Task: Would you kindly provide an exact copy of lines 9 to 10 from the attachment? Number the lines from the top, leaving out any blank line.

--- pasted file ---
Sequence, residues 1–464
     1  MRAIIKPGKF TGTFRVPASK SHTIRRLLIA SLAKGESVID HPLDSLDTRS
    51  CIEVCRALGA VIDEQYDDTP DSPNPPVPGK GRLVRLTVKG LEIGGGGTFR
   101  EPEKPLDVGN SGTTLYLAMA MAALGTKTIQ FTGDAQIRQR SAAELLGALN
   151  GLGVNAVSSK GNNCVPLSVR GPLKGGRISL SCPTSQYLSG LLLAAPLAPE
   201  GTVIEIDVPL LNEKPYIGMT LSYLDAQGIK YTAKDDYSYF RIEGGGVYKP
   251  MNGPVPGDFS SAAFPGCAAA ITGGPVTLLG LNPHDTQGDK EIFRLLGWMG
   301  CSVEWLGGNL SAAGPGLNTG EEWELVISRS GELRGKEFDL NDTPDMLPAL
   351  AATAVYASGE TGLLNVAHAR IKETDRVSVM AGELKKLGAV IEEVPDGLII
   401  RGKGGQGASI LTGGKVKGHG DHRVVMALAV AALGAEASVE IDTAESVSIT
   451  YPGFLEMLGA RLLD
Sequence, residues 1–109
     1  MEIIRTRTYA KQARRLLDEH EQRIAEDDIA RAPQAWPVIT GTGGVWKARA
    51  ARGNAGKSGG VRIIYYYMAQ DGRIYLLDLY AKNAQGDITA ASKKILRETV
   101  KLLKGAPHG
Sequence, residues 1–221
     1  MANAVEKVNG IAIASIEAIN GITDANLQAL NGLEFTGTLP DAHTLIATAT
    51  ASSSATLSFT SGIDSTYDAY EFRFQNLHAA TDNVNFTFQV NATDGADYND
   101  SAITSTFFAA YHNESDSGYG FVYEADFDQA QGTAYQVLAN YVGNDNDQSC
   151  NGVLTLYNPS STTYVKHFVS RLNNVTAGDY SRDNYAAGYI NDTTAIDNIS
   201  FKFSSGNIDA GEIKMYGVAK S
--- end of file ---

   351  AATAVYASGE TGLLNVAHAR IKETDRVSVM AGELKKLGAV IEEVPDGLII
   401  RGKGGQGASI LTGGKVKGHG DHRVVMALAV AALGAEASVE IDTAESVSIT